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Arcade Fire – Funeral

Arcade Fire – Funeral



Starting off by playing small shows supporting their self-titled EP, the release of Arcade Fire’s full-length debut Funeral brought the Montreal-based band a stratospheric amount of praise. Not only did they become favorites of critics and fans but they became lauded by such musical heavyweights as U2, David Bowie, David Byrne, and Damon Albarn. It’s not hard to see why, either. Funeral is sweeping and dramatic, dedicated to the band’s family members who had died during the recording and release of the album. As a result, the record deals with mortality, love, and loss and does it through grandiose music that takes as many cues from Talking Heads and Pixies as it does Neutral Milk Hotel and Bowie himself.

But all the unrestrained emotion–Win Butler’s primal singing and shouting, the string-laden loveliness, the transcendent choral harmonies–would be aimless and ineffective if it weren’t for the songs themselves. “Neighborhood #1 (Tunnels)” sets the tale of lovers in a post-apocalyptic tundra to an ever-building crescendo; the propulsive post-punk of “Neighborhood #3 (Power Out)” is a fiery indictment of the human condition. Meanwhile, “Wake Up” is a rousing anthem that features over a dozen musicians singing in unison. Yet, Funeral also works in its smaller scale songs as well. Moments such as “Rebellion (Lies)”‘s call-and-response pulse and “In the Backseat”‘s orchestral climax give the album a much-needed balance.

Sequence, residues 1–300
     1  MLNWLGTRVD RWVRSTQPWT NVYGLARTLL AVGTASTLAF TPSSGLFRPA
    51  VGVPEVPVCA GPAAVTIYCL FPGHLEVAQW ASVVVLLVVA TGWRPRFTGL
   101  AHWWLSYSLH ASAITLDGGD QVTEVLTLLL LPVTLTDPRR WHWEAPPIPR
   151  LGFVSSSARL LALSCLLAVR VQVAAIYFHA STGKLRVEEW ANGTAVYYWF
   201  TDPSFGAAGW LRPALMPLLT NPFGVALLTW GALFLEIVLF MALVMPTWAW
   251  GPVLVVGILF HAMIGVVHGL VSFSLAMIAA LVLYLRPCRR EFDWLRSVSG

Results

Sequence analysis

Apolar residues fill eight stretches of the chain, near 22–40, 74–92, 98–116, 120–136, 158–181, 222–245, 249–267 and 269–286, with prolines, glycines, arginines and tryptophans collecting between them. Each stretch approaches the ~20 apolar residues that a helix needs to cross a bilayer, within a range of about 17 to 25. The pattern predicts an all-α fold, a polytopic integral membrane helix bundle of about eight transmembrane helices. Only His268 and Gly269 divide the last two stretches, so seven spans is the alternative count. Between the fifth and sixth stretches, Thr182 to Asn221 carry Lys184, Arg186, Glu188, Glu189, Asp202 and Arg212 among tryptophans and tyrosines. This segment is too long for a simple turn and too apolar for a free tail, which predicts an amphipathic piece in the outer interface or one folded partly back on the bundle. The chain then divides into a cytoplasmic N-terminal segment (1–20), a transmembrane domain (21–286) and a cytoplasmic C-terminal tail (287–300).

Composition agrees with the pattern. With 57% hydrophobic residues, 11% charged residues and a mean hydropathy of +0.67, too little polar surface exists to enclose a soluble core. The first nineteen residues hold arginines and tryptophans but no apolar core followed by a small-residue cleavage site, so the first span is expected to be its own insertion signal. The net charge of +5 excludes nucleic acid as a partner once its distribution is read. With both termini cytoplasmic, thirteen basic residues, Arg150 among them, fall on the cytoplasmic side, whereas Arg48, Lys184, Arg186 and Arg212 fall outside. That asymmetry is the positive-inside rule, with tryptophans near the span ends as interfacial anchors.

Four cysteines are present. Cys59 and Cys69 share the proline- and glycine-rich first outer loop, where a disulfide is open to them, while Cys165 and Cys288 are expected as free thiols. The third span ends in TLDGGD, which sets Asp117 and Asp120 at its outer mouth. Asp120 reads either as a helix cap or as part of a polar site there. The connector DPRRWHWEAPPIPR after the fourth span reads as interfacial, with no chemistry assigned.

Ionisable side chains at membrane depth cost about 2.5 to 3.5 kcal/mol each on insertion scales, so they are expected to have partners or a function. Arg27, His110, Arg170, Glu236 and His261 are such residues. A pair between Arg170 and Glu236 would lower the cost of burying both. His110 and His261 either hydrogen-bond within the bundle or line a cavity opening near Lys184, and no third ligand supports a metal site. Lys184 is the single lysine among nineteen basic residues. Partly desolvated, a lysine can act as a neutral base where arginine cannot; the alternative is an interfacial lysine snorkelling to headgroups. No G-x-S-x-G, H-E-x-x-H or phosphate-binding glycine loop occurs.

It’s no surprise Funeral‘s immense acclaim and unfiltered emotion galvanized a new trend of similar, big-sounding indie bands in the second half of the 2000s, but they often missed the point. Arcade Fire’s bombast never sounds forced here. They never sound as if they are badgering emotion out of themselves or the listener because, in the end, the appeal of Funeral isn’t its drama but its humanity. Despite its theatrics, it simply sounds like what it is: a group of friends and family genuinely achieving catharsis through music.